My Thoughts on the VSX-1021
Up until now I've been living with a limping-along Kenwood Soverign VR-5090. It was definitely showing its age. The lack of HDMI was really getting to be a problem. About a week ago it started completely breaking down and stopped detecting audio properly; instead of detecting digital audio it would default to analog inputs and simply not play anything. Time for a new receiver. I am no audiophile but I can tell the difference between high quality audio and an undersampled MP3. That said, most of my comparisons will be with respect to my old VR-5090 as that's what I was coming from.
I settled on the VSX-1021 because the feature set was strong, the 1020 had some pretty impressive reviews, and because after getting burned by the Kenwood Soverign line I wanted some solid tech that didn't really represent being an early adopter again. Yes the 1021 is brand new, but it's very similar to the 1020 which is a fairly well-tested design.
Notes on my setup:
5.1 Home Theater + 2nd Stereo zone
HDMI Set Top Box that plays 720P and 1080i
HTPC with Blu Ray
Handful of video game systems, some HDMI, some ComponentAudio
IMO the audio is solid. Certainly strong enough for my home theater system, stays smooth and gets as loud as the wife will let me make it. I wasn't thrilled with the results of MCAAC so I've tweaked calibration by hand... I'm still tweaking to find that perfect balance, but that's not an issue with the receiver.
I've put the system through its paces with a variety of DVDs, CDs, and digital music and I'm well satisfied with the results. Again, I'm no audiophile, but it's certainly on par with the 5090 paid quite a bit more for 10 years ago.Video
Mixed results. Handles clean signals just fine, but I'm not thrilled with any of the video processing features it is capable of. Every option seems to insert a great deal of noise in solid color/muted or out of focus backgrounds. I've pretty much turned any video processing feature the unit provides off and let my television handle the signals it receives as it sees fit. Even then I swear there's more noise in the signal than my 5090 used to allow. I'm no expert but I'm not as satisfied as I'd like to be here.Set Up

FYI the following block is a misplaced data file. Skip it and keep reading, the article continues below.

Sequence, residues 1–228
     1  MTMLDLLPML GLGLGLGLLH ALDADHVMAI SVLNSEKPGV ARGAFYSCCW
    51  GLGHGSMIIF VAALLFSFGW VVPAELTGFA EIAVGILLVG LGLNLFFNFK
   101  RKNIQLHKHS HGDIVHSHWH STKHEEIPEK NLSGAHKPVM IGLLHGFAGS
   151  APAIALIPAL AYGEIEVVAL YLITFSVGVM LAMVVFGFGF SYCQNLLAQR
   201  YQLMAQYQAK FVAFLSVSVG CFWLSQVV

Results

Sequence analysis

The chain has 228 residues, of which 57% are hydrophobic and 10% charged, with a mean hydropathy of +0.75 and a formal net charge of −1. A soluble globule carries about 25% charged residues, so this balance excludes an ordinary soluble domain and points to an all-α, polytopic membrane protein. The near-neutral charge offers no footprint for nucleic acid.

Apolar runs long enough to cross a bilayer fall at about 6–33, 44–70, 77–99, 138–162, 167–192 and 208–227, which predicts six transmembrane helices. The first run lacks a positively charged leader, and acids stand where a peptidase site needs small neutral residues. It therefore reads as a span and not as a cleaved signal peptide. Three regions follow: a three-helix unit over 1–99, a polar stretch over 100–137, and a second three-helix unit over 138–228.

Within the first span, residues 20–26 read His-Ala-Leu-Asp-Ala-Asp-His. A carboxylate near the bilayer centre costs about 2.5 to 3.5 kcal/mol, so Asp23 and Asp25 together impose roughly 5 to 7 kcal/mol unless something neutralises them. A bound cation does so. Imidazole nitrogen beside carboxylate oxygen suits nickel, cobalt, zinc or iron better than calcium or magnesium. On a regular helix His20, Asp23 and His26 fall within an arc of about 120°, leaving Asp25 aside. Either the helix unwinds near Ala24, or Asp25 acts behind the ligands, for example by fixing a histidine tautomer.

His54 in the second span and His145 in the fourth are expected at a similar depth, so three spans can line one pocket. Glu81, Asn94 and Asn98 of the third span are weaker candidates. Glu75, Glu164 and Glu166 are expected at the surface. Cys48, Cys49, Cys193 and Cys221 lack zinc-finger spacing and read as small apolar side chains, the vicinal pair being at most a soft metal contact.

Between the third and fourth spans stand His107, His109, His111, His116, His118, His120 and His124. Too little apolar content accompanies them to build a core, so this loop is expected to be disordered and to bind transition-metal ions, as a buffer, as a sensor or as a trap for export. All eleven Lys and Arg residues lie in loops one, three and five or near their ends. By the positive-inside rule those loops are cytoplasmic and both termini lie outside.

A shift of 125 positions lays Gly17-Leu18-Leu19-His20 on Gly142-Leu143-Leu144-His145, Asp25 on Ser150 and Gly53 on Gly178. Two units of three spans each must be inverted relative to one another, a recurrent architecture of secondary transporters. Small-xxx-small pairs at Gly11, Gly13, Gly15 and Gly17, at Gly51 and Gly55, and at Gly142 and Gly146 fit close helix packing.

Let's get this out of the way early: Setup is a bear. The software included is extremely limited, didn't work in Chrome, and I wasn't satisfied with the results once I did have it running. The manual is terrible, not to mention incomplete (I found a separate page floating around in my box explaining Airplay, it wasn't in the manual at all).
The system assumes to know what kind of devices you will connect. Instead of having 'VIDEO 1' 'VIDEO 2' 'VIDEO 3' and 'AUDIO 1' 'AUDIO 2' 'AUDIO 3' inputs it has 'DVD', 'BD', 'DVR' etc. HTPCs and Video Game systems are not considered. This leads to the Navi software to being nearly completely useless as it asks "Do you have a DVD" - no. "Do you have a Blu Ray" - No. Do you have anything else? Yes. Everything I had fell into the 'anything else' category which it only had very generic instructions for.
So the HTPC became the DVD input and the Playstation became the Blu Ray, the Xbox the DVR. You can rename all these inputs in software, but when it comes time to program a Harmony remote you had better have taken notes.
Moreover, the inputs are linked. When you switch to DVD the system outputs video from the DVD inputs and audio from the DVD audio inputs. The Kenwood 5090 made no such connection. I could set it to run Video 3 and Audio 2 if I wanted. This made watching TV but playing the radio (something I enjoy for sports games) or playing a video game while listening to digital music much easier. I haven't yet found a way to get all the setups I had in the past to work.Features
Probably the big one most people are interested about. Airplay takes a little getting used to, but I'm convinced that's more Apple's doing than it is the receiver's fault. That said I like it quite a bit. Especially due to the 2 Zone limitations (More on that later). A little info on my setup. I have used DD-WRT to convert a router into a wireless bridge for my home theater setup. Basically this means that I have all of my home theater components wired to a network component that connects to a 2nd wireless router that connects to the cable modem.
The end result is that as far as the 1021 is concerned, it has a wired connection to the network.